AT ONE time, The Long Lane felt like the gateway to Croke Park.
Saturday mornings of the early-mid 90s for some of us were the stuff of a routine that was almost a ritual.
Not long beforehand, Naomh Baithin had become the Naomh Colmcille we know today.
The club was on a recruitment drive and didn’t wait around in boosting the numbers. Rather than bringing the Mountain to Mohammad, they brought young Mohammads to the Mountain otherwise known as Pairc Colmcille.
William Toye was the Sherpa, ferrying a busload of us from St Johnston and Carrigans to Newtown, where we cut our Gaelic Football teeth, under a man who at times probably felt like he was pulling teeth.
The Diddler. It was always The Diddler.
Paul Dillon’s endeavours in that era should never be forgotten. In times of success, obtaining help is easy, but it is the crew on board a ship in choppy waters that deserves the plaudits.
For years, The Diddler was at the wheel.
Aided by Seamus Doherty and Martin McKinley, we’d head for the derby fixtures of east Donegal and try our luck against Lifford, Robert Emmets, Red Hughs and Convoy, most of the time without much success.
Senior football was light years away.
And yet. And yet, some of The Diddler’s Disciples stand an hour away from senior football: Gerard Curran is the team captain; Eddie Gillespie netted a goal in the semi-final; Ciaran Devine is the midfield piston that keeps on keeping on; Ricky Hegarty has had the summer of his life; and Paul Friel is pressing close for a starting berth this afternoon.
At one time, the parishes were one and those of us who grew up in the former Parish of the All Saints, Killea and Taughboyne had little to cheer. Although the club reached junior finals in 1997 and 1998, they were the exception rather than the rule.
“We had plenty of dog days,” as Joe Donaghy puts it. “The club struggled to put out a team manys the day.”
When Stephen Friel arrived in Newtown one winter’s night in 2009, the buds began to bloom and, where once it had been an effort to field one team, a reserve team came into being.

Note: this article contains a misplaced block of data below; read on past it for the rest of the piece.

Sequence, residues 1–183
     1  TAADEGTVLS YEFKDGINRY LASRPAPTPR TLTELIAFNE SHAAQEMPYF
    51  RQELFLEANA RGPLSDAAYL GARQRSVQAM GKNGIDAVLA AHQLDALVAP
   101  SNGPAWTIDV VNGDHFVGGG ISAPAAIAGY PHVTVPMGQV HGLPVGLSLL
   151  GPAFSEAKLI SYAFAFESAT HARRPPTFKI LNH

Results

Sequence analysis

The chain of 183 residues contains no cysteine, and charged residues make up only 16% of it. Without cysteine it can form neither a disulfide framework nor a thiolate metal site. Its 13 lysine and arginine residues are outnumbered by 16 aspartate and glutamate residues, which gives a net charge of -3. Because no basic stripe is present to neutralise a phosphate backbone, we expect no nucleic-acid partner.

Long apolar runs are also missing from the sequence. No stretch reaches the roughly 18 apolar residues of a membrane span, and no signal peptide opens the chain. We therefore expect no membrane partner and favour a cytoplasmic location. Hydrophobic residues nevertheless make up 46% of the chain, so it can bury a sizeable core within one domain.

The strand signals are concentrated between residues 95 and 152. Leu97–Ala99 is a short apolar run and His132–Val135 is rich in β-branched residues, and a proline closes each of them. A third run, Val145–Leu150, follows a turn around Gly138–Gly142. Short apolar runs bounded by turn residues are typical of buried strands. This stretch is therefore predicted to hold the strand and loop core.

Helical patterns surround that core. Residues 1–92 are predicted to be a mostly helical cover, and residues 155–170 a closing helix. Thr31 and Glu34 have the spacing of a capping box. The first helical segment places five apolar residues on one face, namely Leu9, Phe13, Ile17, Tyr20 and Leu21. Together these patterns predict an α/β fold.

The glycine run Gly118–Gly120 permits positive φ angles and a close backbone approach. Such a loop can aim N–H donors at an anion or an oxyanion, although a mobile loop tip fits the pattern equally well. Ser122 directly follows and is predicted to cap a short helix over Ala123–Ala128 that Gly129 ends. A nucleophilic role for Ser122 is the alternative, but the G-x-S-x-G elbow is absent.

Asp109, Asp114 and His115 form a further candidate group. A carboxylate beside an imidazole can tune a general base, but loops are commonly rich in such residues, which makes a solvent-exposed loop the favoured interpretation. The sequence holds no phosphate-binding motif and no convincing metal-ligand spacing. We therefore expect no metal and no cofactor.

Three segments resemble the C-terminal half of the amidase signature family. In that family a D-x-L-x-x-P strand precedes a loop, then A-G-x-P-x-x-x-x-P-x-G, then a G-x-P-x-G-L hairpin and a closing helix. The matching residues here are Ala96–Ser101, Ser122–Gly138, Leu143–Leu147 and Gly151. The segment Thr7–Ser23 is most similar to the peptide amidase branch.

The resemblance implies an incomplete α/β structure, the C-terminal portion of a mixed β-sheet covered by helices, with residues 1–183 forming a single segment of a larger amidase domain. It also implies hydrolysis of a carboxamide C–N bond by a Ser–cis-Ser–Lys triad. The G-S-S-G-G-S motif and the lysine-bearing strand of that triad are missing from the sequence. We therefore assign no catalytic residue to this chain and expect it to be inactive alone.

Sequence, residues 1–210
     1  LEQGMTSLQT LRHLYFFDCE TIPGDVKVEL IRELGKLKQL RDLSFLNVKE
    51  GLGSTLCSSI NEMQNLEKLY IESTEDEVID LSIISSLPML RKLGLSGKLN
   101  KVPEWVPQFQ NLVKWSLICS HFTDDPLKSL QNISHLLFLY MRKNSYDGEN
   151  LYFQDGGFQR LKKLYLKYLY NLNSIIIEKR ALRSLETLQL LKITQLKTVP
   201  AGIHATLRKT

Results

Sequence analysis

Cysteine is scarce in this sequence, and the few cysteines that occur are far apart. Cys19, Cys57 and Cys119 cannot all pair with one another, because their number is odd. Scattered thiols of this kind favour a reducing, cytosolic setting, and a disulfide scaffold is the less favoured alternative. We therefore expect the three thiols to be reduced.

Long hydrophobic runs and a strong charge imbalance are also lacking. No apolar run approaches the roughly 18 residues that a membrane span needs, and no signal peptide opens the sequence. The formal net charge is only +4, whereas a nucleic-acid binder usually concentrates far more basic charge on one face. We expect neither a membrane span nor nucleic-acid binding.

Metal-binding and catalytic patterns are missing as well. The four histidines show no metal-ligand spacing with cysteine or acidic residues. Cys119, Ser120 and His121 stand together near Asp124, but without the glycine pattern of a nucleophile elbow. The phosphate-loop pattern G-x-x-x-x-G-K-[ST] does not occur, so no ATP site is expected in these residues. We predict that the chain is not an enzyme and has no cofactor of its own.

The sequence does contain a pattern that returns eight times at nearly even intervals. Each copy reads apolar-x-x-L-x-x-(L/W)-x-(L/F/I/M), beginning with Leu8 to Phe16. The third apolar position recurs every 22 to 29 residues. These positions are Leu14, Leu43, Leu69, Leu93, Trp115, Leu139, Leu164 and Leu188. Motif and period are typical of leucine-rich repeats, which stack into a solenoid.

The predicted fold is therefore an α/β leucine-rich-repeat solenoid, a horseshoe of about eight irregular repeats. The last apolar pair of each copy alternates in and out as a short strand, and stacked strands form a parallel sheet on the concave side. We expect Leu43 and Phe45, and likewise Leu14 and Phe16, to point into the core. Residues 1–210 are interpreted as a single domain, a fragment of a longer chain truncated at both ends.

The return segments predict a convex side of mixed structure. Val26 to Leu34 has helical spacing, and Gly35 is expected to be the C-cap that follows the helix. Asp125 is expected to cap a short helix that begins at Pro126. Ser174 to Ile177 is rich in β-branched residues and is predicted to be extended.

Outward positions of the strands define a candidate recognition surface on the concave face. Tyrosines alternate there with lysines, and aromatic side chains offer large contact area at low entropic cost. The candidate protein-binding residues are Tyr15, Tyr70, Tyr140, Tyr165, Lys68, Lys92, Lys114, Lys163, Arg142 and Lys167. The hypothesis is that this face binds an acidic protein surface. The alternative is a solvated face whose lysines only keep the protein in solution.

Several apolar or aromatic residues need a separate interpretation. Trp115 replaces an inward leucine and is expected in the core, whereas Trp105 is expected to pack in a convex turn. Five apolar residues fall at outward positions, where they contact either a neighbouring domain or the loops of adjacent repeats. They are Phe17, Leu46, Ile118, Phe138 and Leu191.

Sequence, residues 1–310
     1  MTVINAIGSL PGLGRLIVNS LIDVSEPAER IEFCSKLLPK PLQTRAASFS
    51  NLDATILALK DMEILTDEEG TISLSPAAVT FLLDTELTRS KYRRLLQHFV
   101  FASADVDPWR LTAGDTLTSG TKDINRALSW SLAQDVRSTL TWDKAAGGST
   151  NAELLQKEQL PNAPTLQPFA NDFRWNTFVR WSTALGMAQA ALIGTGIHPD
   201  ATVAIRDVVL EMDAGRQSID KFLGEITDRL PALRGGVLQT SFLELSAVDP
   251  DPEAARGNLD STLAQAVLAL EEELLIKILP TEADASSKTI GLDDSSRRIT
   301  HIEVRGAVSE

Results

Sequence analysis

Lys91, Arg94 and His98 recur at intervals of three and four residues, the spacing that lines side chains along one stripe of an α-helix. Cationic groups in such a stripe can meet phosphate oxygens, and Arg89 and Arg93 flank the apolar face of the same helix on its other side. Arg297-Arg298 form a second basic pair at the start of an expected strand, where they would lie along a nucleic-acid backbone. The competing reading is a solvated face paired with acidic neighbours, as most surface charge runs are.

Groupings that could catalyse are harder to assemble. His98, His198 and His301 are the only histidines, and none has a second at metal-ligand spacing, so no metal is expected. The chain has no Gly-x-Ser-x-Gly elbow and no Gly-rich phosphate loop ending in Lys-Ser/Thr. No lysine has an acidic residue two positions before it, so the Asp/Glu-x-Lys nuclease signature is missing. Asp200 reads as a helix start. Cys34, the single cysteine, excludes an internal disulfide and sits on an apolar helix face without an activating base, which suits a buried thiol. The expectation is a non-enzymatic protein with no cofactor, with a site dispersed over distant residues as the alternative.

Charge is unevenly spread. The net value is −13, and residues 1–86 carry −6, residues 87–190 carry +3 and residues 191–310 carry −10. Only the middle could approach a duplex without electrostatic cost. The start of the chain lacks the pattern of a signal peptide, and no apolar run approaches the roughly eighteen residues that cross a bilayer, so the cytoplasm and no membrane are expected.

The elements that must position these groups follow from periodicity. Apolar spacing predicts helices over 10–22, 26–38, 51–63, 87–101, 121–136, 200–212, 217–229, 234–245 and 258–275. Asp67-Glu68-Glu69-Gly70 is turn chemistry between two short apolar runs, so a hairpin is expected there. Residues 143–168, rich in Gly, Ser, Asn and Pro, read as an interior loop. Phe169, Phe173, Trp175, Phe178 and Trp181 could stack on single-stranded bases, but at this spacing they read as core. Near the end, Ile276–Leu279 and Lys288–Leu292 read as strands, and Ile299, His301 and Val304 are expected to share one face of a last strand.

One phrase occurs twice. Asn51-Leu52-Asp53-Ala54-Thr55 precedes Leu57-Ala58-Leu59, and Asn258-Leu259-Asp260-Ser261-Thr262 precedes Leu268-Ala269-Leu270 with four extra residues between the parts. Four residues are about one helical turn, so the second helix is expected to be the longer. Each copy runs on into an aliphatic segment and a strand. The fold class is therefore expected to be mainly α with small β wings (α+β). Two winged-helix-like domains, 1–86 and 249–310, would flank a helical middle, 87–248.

In 2010 Downings were beaten at Pairc Colmcille and, all of a sudden, there was belief. Remarkably, it was a first win in a Championship game for ten years.
That year, Richard Clarke raised the Donegal Junior Championship title after a replay win over Muff in the final.
Friel brought the organisation to the chaos. A team and a club began to grow.
Seeds were planted in 2007. A Minor team under Padraig Carberry and Kieran Friel won a Minor League Division 2 title; Paul Callaghan took the Under-16s to league success and Karol Friel’s Under-14s won the Shield.
In 2010 and 2011, Ryan McKinley – hero of the semi-final hours – and Mark ‘Ruction’ Callaghan guided glory in Under-15 and Under-16 Championships.
Tomorrow, Gary McDaid, Michael Friel, Daniel Clarke, John Fullerton, Oran Hilley, Michael Lynch and Conor Grant from that group could all feature. They’ve also an Under-21 B semi-final to look forward to.
Where once ‘Diddler’ was surrounded by a screaming batch of ‘Can-I-Get-Ons’, coaches now are plentiful and their work is reaping dividends.
The team that lined out against Gaeil Fhánada in the semi-final replay had an average age of just 23 – the future is in good hands.
Consider that Thomas McKinley, Matthew Crossan and Ryan McErlean were among the absentees – of those only McErlean could play in the final – and it’s how clear just how big an achievement reaching this final exactly is.
The past was in good hands, too, though.
By a Newtown graveside in June 2012, we did our duty for club stalwart Sean McDaid, whose sure to be looking down tomorrow afternoon.
He and his ilk kept the flame burning when sometimes there was barely the hint of a flicker.
The reaction on the face of men like Colm Clarke after the final whistle two weeks ago painted a picture these words cannot come close to explaining.
Others like Declan McFarland and Paddy Devenney burned midnight oil and there’s James McGrath, who’ll be on the sideline alongside Francie Martin and Dougie Corbett.
James Dowds was name checked by Curran after the win over Gaeil Fhánada. The Naomh Colmcille President has been in ill health of late and is another of that rare breed of men who gave everything to a club and wanted nothing in return.
“We’re doing this for James,” Curran mentioned.
And if he happens to have Cathal McLaughlin above his head tomorrow evening, there’ll be a corner of the press box in which neutrality will have long since departed.
Playing senior football was once a dream for Naomh Colmcille. Now, it can be their reward.
When you know what the bad times were like, it’s why days like this mean everything.
* Chris McNulty is a native of St Johnston and is co-owner and founder of Donegal Sport HubTags: